Friday, 10 February 2012

Four Years after the Australian Apology: The Value of Words?

In 2008, an historic apology (here) was issued by then Australian Prime Minister Kevin Rudd to the Aboriginal Peoples of Australia.

The Australian newspaper article notes an event that was held to commemorate the four year anniversary of the apology. But as reflected in that article, “sorry” is a place to start—it is a beginning point, not a resolution.

The current Prime Minister of Australia, Julia Gillard will provide an update on the progress made since the apology next week, according to this article in the Sydney Morning Herald.

The apology addressed particularly the events of the forced separation of children from their families, something that has happened in recent history, not in the distant past, as noted in the apology:

“But let us remember the fact that the forced removal of Aboriginal children was happening as late as the early 1970s. The 1970s is not exactly a point in remote antiquity. There are still serving members of this parliament who were first elected to this place in the early 1970s. It is well within the adult memory span of many of us. The uncomfortable truth for us all is that the parliaments of the nation, individually and collectively, enacted statutes and delegated authority under those statutes that made the forced removal of children on racial grounds fully lawful.”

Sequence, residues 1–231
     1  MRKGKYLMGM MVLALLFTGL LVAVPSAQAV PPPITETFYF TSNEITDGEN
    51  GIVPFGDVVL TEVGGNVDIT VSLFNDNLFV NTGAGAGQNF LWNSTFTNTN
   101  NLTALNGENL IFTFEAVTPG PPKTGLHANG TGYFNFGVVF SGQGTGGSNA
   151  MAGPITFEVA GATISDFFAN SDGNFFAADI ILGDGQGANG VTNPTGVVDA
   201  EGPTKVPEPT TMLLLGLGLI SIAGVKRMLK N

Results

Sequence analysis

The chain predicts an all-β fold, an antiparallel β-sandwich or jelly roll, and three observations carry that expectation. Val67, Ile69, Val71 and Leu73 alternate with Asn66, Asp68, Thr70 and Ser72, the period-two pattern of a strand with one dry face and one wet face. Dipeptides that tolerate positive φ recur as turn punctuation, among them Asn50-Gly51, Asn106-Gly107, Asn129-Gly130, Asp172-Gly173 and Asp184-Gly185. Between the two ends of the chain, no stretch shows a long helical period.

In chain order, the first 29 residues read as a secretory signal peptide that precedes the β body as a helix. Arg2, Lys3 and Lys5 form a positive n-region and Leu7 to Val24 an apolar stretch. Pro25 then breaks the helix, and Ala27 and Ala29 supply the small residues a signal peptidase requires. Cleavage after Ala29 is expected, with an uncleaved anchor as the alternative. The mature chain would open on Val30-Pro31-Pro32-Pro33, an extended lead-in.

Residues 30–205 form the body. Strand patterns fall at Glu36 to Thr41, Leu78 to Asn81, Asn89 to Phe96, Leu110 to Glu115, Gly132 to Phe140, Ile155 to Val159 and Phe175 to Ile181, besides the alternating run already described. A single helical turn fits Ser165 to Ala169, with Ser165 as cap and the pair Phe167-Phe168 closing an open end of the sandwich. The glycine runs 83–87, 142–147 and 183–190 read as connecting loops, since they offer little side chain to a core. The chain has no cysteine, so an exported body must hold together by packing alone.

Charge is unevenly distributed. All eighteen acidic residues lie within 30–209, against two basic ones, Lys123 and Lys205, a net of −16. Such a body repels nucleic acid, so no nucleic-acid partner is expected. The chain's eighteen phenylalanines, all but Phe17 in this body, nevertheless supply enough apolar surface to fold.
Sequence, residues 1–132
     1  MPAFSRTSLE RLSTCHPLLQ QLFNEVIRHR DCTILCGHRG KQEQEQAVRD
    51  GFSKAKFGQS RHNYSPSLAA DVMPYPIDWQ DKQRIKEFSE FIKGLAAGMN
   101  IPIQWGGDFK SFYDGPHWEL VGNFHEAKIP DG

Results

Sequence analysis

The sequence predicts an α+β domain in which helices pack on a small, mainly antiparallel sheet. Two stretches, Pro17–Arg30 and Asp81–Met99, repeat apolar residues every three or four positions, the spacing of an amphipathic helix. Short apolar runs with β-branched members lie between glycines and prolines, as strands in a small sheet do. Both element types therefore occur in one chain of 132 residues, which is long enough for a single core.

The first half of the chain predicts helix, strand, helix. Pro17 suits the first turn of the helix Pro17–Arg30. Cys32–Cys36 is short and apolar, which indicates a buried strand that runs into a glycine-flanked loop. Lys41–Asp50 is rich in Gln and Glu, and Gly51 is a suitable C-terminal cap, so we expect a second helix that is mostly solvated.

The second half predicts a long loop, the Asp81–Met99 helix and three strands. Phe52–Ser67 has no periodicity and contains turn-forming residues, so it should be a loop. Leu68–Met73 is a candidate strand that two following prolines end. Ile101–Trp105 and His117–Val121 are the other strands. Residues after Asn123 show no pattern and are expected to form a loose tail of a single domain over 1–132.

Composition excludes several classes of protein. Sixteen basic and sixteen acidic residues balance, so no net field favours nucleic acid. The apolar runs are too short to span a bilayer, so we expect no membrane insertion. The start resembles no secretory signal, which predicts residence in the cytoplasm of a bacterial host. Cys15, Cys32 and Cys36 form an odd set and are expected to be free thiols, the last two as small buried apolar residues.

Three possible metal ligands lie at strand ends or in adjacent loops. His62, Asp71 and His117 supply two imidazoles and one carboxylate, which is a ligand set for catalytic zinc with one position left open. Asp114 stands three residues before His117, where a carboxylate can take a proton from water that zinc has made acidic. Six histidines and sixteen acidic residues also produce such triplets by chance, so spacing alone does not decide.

Today, this kind of forced removal is prohibited by Article 7(2) of the UN Declaration on the Rights of Indigenous Peoples. What seems unthinkable today was seen as good government policy only a generation or so ago.

The Australian government was not alone in its pursuit of policies of forced assimilation and forced removal of indigenous children in the belief that this was in the best interest for the children. The United States government also pursued this prior to the passage of the Indian Child Welfare Act in 1978. ( See prior posts on the subject of the Indian Child Welfare Act here and here) And controversy rages in parts of the United States over whether the Indian Child Welfare Act is being adhered to, following a report by NPR.

All of which raises the question—what are the values of words? What is the value of an apology? What is the value of the words of laws on books if not accessible or implemented and enforced? Words alone do not begin to address the situations to which they are directed. Action is required to make them meaningful. Australia, which originally opposed the approval of the UN Declaration on the Rights of Indigenous Peoples has reversed that stance. But what will be more meaningful is to heae the report of the Australian Prime Minister, and to hear what progress has been made four years after the Australian apology.

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